Recent blog posts by mstem

6 productive responses to PRISM

new PRISM logoAlong with the other free peoples of the internet, we've been discussing our reactions to PRISM, and whether and how US (and global) citizens might be able to organize against this unprecedented domestic spying. There are more questions than answers at the moment, and the enormous challenge of confronting an extra-legal entity like the NSA with people-power is strongly felt. But here are 5 things you can do that could prove more productive than petitioning the White House to respond. Thanks primarily to Sasha Costanza-Chock for the roundup:

1. Encrypt yourself
See The Guardian Project's Android apps, Security in a Box, and Tor. If you have the skills, go further: build tools / better UI / How To Guides / visibility to encourage more people to encrypt themselves, too.

Robin Chase and Nick Grossman’s hopes for the sharing economy

Photo by @brianquinn

Robin Chase (@rmchase), founder of ZipCar and BuzzCar, started the first company WAY back in 2000. It made renting a car as convenient as owning car, and "right-sized the asset", meaning you only pay for what you use. In addition to huge savings and new freedoms for consumers, this meant fewer cars sitting around unused in cities.

But less obviously, Zipcar stretched the definitions of "consumers" and "producers" in an economy. Robin prefers 'collaborators' as a more modern term. The company's success hinged on the assumption that most people are good. That trust, and bond with their customers, was key to creating the company.

Skype, Facebook, eBay, YouTube, Wikipedia, et al do the same thing: take excess capacity (sharing) and combine it with a platform for participation. Robin's slept in all kinds of beds, from hotels to a teenager's bedroom.

Are you creating change? Ask harder.

A post from Personal Democracy Forum in NYC, where I'm live-Tumblring on the official Civic Tumblr.

"This work is hard. If it were easy, it would be done already."
-Micah Sifry, asking the PdF community to take care of one another

Taren Stinebrickner-Kauffman runs, and is Aaron Swartz's bereaved partner.


You know nothing, Jon Snow campaigners

How do you know when you're changing the world (a component of how DO you change the world?)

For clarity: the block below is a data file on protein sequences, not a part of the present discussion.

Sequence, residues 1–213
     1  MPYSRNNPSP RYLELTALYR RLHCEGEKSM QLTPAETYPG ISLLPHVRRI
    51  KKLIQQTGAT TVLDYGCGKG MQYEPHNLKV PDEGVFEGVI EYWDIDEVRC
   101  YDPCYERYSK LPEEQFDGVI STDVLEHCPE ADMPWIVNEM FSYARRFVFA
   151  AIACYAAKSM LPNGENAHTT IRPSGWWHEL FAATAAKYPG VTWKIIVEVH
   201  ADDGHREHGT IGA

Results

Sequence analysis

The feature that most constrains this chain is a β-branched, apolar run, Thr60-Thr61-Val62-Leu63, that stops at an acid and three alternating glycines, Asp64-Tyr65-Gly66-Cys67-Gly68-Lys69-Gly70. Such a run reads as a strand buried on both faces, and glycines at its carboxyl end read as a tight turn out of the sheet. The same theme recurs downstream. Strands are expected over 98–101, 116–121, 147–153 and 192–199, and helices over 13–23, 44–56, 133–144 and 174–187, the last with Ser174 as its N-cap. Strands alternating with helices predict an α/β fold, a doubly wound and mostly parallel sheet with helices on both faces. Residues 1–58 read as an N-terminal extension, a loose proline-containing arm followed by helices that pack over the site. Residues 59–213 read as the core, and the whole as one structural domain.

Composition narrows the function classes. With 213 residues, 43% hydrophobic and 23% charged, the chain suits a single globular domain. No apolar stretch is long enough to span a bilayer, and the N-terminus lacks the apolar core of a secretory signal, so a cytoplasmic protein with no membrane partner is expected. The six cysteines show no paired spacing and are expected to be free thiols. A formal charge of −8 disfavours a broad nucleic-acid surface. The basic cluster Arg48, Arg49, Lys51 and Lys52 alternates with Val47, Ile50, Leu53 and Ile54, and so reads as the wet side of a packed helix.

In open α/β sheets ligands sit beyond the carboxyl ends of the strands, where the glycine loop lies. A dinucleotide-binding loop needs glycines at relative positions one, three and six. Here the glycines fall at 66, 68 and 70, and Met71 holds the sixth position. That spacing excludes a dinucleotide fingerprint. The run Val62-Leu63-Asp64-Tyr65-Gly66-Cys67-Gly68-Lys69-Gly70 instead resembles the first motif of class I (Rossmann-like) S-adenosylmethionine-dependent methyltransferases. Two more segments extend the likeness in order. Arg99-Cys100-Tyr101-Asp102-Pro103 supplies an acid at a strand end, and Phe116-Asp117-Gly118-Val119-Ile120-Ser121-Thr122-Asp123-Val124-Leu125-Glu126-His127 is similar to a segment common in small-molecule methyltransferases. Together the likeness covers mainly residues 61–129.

Taren says that organizers empower other people to create change, while campaigners set their sites on a specific change and go about creating that change, whether that involves empowering other communities, or drinks with a Senator's nephew.

This is a room full of campaigners. Taren challenges us to temporarily suspendthe assumption that we're accomplishing anything

#FBrape campaign scores quick victory against Facebook hate speech

How many major brands need to pull their advertising from Facebook to affect its policies governing speech?

One, apparently.

Last week I wrote up the #FBrape campaign's strategy: to hold Facebook accountable for the misogynistic content of its users by pressuring advertisers. Only seven days after the open letter was published, Marne Levine, Facebook's VP of Global Publicy Policy, published a response agreeing to the campaign's demands to better train the company's moderators, improve reporting processes, and hold offending users more accountable for the content they publish.

Women (and the people who love them) Go After Facebook's Advertisers

Strong social campaigns are based on a strong theory of change: how is my action (x) actually going to lead to desired change in the world (y)? Is that strategy sound? Is it effective?

Earlier tussles with Facebook, over issues like the site's distribution of user data (News Feed), or the site's removal of innocent breastfeeding photos, have appealed to the company directly, often on the platform itself. But a company with a billion users can find it difficult to respond to a tiny percentage of those users, even assuming good intentions. What they might respond to more rapidly, though, is a threat to their advertising revenue.

Women, Action, & the Media (WAM!) has launched a campaign (#FBrape) to get Facebook to restrict user content that promotes violence against women. What WAM! is trying to do here is start a series of conversations. By telling the public that Facebook "promotes rape" (a declaration I have some trouble with, versus "fails to adequately censor offensive speech"), WAM! hopes to drive enough consumers to express their disappointment to some of Facebook's advertisers. Here's how it could work: